A novel therapeutic principle is discussed in this supplement to Arthritis Research & Therapy, namely modulation of co-stimulation. Co-stimulation, as detailed in the three reviews in the supplement, is an essential step in the induction of the adaptive immune response, which centres around T cell activation. T cells have long been regarded as essential in the initial phases of RA. However, despite evidence of lymphokine production, even in established disease , failure of some T-cell directed therapies to improve long-standing RA , as well as the profound efficacy of agents targeting proinflammatory cytokines mostly produced by non-T-cells such as TNF, suggested that T cells play no or only a minor role in perpetuating the disease. Skapenko and coworkers  revisit the importance and various aspects of the role played by T cells in RA.
The apparent efficacy of interference with co-stimulation using CTLA4–Ig (cytotoxic T lymphocyte-associated antigen 4–immunoglobulin; abatacept)  has restored T cells to a central position in RA, even late RA. The detailed consequences of blocking the interaction between CD80/86 and CD28 in RA still require study, in particular because co-stimulatory pathways other than CD28-mediated ones remain unaffected. The effects of modulating co-stimulation might involve reduction in the intercellular crosstalk that is needed for the activation of macrophages and other cell populations  as well as reduction in B-cell activating capacity, directly by interfering with T cell help or via induction of regulatory T cells, which appear to be deficient in RA . Malmström and coworkers  discuss the importance of co-stimulation and the possible consequences of its modification.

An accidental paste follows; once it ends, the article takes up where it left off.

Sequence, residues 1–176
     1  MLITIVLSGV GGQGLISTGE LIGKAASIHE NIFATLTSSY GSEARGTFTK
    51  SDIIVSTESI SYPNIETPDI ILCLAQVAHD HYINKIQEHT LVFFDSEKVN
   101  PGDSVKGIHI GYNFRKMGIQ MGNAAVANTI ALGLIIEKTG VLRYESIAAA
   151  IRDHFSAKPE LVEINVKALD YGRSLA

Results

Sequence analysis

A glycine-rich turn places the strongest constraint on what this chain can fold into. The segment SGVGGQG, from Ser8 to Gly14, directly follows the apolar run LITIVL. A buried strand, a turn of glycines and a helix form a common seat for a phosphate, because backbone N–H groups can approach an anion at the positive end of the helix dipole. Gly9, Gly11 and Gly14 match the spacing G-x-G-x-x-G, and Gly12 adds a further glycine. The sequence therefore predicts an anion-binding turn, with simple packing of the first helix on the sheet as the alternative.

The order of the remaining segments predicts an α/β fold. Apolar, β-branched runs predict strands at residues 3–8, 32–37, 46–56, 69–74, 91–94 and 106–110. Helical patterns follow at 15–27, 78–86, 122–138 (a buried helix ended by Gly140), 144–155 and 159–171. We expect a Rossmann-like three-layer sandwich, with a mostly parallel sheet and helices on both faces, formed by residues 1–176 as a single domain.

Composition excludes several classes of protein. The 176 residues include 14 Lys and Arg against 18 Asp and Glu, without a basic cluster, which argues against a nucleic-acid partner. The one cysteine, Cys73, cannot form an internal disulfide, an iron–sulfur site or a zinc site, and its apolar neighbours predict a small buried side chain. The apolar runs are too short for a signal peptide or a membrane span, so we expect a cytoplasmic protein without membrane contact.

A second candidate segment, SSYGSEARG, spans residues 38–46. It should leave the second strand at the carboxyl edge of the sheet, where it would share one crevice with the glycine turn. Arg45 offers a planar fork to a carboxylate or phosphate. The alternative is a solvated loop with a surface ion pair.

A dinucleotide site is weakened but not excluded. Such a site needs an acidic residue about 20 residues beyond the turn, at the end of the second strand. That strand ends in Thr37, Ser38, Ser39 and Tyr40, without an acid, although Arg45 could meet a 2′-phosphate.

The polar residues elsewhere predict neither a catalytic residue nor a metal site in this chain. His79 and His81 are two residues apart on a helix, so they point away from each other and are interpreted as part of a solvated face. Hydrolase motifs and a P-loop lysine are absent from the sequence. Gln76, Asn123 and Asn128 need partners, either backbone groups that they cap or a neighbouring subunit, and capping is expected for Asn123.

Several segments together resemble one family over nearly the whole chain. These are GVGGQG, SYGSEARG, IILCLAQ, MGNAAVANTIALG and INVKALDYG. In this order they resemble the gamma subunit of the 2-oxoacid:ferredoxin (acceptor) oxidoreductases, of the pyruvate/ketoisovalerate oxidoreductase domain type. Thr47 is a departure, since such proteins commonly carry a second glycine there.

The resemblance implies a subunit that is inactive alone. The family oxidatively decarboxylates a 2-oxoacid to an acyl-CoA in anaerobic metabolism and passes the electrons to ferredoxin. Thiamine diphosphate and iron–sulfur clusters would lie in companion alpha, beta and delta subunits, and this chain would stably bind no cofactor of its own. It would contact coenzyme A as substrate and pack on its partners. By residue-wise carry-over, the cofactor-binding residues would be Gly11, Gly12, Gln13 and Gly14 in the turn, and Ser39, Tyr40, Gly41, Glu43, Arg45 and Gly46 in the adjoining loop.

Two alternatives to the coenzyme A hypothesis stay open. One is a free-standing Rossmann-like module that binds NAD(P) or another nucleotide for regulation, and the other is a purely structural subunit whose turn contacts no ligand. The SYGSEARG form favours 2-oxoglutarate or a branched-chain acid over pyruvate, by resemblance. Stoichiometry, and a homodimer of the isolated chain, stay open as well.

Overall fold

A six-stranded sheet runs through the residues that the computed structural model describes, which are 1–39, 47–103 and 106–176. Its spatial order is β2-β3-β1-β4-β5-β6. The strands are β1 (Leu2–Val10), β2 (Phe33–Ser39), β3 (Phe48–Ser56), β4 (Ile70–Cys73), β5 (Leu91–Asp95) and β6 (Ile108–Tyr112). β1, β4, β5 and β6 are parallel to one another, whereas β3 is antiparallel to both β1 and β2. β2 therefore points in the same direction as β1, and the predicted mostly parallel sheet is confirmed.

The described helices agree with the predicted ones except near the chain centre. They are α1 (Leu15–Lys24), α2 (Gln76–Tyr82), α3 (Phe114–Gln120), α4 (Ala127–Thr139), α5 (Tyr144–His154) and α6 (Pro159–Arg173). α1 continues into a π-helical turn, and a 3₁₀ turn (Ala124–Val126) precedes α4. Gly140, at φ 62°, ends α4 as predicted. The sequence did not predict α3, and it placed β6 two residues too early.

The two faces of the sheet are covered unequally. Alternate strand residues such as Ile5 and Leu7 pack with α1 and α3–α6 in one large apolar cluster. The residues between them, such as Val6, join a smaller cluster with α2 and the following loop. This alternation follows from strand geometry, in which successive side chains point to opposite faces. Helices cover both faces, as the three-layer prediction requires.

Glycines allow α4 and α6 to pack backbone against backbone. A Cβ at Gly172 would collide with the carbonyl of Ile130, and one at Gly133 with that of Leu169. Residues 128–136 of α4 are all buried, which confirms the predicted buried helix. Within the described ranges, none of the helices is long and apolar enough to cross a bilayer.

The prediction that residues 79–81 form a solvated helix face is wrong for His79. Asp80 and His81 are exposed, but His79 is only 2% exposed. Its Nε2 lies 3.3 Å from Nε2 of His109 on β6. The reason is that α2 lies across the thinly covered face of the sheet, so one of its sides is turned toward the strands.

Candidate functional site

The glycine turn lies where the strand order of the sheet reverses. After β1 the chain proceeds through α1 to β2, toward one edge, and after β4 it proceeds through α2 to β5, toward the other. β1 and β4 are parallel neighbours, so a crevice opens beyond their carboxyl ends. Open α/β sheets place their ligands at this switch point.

As Ruderman and Pope review , clinical responses to abatacept in phase II and phase III trials were similar to those with other biological agents such as the TNF blockers, rituximab and tocilizumab. Trials with these agents found a large number of American College of Rheumatology (ACR) 20 responders, a fair number of ACR 50 responders and relatively few true remissions. Because the biologics target different molecules (various proinflammatory cytokines, a B-cell surface molecule [CD20] and a co-stimulatory molecule expressed on T cells), these are interesting results. Does this mean that many targets are of equal importance? Does it mean that we can eliminate one element of the 'inflammatory house of cards' , consistently having some effect but rarely with full collapse of the inflammatory process? What does this tell us about the pathobiology of RA?
Another interesting observation is the importance of combining biological agents with methotrexate; for most biologicals such combination therapy is superior to either agent alone. What is the role played by methotrexate in this context? Does it merely change the pharmacokinetics of biological compounds or does it have a synergistic effect? Despite the enhancement in effect yielded by combination with methotrexate, even better responses would be welcome; could a combination of two biological agents (with or without methotrexate) more frequently result in remission or even cure? Could abatacept – which, as Ruderman and Pope reveal, is also efficacious in patients who fail to respond to TNF blockers – represent a major component of such combination therapy? These are questions that must be addressed in future trials.
It is generally gratifying to witness the emergence of new treatment principles from theoretical indications to reality – from the realm of basic sciences to successful clinical trials showing efficacy and safety, and subsequently to clinical practice and long-term use. This has been especially so for RA, a disease with frequently devastating and long-term consequences for those affected, whose fate has already improved significantly over recent years and will hopefully improve further. However, this is also true for many other immuno-inflammatory disorders, in which innovative therapies were pioneered by advances made in our field.
American College of Rheumatology
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JSS is on the Advisory Boards of Centocor/Schering-Plough, Abbott, Wyeth, Bristol-Myers Squibb, Roche and UBS.